The Ashburton Guardian. Magna est Veritas, et Prevalebit. THURSDAY, DECEMBER 22, 1881. The Mayoral Election.
TOWN EDITION. [lssued at 430 p. m. j mm»mm ■■la^aWßßga—H—BPCß—■——>B—aPtgPMWace
When any individual member of our local government —we allude, of course, to that well-meaning body our Borough Council —has been found during his public career to have merited a share of the thanks of the commuity for a zealous and painstaking performance of his duties, whether as a Councillor or in the more distinguished of Mayor, we shall not be found wanting in our position as journalists to draw the attention of the public thereto. Indeed it would be an unfair thing to do otherwise, especially when it is so patent to every ratepayer in the Borough that during the past year our late Mayor has signalised his term of office witii no mean record of genuine work for the health as well as the prosperity of the town. Ot course we do not a.,ree with all our late Mayor’s ideas, but to any thoughtlul person they commend themselves, because he had in view the laudable intention of endeavoring to reduce our rates to a very nominal sum by letting one of the vacant squares, and further by purchasing the gasworks and so reducing the cost of street lighting. Both these schemes are sound, financially, and with a Council composed of men like Mr Friedlander there can be no doubt that the gasworks question would have been an eminent success. But both have their drawbacks. The public do not like to lose their squares, and they do not like to risk the management of an establishment like the gasworks to the tender mercies of the Borough Council, and hence, no doubt, the reason these schemes were not carried into effect. The revenue derivable from the letting of Baring Square West would be a large one, and may possibly be decided upon yet, but we think seriously that there are other ways of getting a revenue. There are a large number of idle reserves in the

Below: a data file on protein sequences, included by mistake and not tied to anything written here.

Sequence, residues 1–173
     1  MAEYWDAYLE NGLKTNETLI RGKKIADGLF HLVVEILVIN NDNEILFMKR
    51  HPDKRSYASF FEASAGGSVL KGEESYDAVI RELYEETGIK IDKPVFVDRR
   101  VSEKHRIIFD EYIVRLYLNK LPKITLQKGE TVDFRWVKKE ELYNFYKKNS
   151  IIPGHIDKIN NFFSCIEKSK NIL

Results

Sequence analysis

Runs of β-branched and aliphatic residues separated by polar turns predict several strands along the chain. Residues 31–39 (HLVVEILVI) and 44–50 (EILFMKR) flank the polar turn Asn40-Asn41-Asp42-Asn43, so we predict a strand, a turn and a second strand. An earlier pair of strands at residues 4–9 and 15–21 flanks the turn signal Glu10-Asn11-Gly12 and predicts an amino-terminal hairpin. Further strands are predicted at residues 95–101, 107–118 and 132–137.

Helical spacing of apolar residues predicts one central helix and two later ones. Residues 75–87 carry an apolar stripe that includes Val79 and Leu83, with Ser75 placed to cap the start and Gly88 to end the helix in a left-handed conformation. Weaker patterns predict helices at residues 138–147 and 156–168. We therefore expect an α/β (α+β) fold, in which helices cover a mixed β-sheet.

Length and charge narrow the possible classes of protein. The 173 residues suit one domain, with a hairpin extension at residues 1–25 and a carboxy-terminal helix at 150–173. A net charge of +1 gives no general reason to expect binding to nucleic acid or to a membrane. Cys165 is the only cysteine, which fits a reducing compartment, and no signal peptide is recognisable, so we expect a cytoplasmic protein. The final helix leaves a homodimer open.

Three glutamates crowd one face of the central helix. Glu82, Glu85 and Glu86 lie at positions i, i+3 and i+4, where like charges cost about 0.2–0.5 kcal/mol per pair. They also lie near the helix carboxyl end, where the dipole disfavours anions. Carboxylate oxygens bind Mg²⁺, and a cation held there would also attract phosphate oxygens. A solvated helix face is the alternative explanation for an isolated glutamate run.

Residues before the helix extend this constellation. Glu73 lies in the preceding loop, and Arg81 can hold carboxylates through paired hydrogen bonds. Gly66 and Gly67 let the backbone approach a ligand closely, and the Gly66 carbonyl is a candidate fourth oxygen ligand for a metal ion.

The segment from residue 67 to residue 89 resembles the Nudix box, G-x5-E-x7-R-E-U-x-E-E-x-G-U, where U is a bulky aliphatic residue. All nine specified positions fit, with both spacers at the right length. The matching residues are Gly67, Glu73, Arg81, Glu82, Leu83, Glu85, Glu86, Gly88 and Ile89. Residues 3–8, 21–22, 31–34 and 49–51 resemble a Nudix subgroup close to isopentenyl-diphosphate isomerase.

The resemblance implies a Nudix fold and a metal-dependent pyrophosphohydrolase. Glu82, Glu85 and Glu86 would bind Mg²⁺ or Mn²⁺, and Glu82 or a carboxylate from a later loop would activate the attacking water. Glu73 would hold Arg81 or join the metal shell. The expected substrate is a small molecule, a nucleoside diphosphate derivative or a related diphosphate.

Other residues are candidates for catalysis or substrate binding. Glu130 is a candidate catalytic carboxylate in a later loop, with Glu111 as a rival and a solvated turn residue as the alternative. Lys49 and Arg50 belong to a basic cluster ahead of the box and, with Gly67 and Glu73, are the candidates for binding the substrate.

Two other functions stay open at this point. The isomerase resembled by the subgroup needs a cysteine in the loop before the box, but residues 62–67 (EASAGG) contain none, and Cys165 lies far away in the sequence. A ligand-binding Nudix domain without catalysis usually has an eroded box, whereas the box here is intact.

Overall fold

Borough, and these can be utilised first, and if the square in question is valuable now, it will soon bring far more revenue if all the other vacant places are built upon, and it is decided to let it hereafter. For the present we think that as regards “ breathing places,” Ashburton is pretty well supplied, and as far as “ breathing” is concerned, we can see no reason why the change should not be made. The most successful works that have been carried out during Mr Friedlander’s term of office are the outfall draiti; the water supply, street channelling, and asphalt paving. These are all important works, and anyone cannot feel but thankful for a good footpath on one side of our principal street, and we almost wonder why a small medal has not been struck to commemorate the day when our first 50 chains |vvas completed. The many matters affecting the business of our Council and its finances which will always connect Mr Hugo Friedlander’s Mayoralty with a very satisfactory period in the history of Ashburton Borough and its improvements. Indeed the sentiments expressed by the late Mayor’s Council, on his retirement yesterday, show concusivelythathehaswon their good opinion. In Mr Donald Williamson, the newly elected Mayor, we fully believe the burgesses of Ashburton have found a sterling man, and one ih wfiom they will find no rash or unbecoming actions in his capacity as chief magistrate in this town. During his public career, whether as a member of any of our public institutions or as a town councillor, he has always endeavored to act tborougly independently of any party, has never shown any factious opposition-, but has worked harmoniously with his colleagues in everything likely to benefit the Borough. Although entering upon his office with an empty exchequer and overdraft of some his popularity will in no way diminish, although his Council are unable to take in hand any works, but those most urgently need for the health and safety of the inhabitants; The debt is only a very small one, however, and we have every reason to believe that it will be soon wiped off.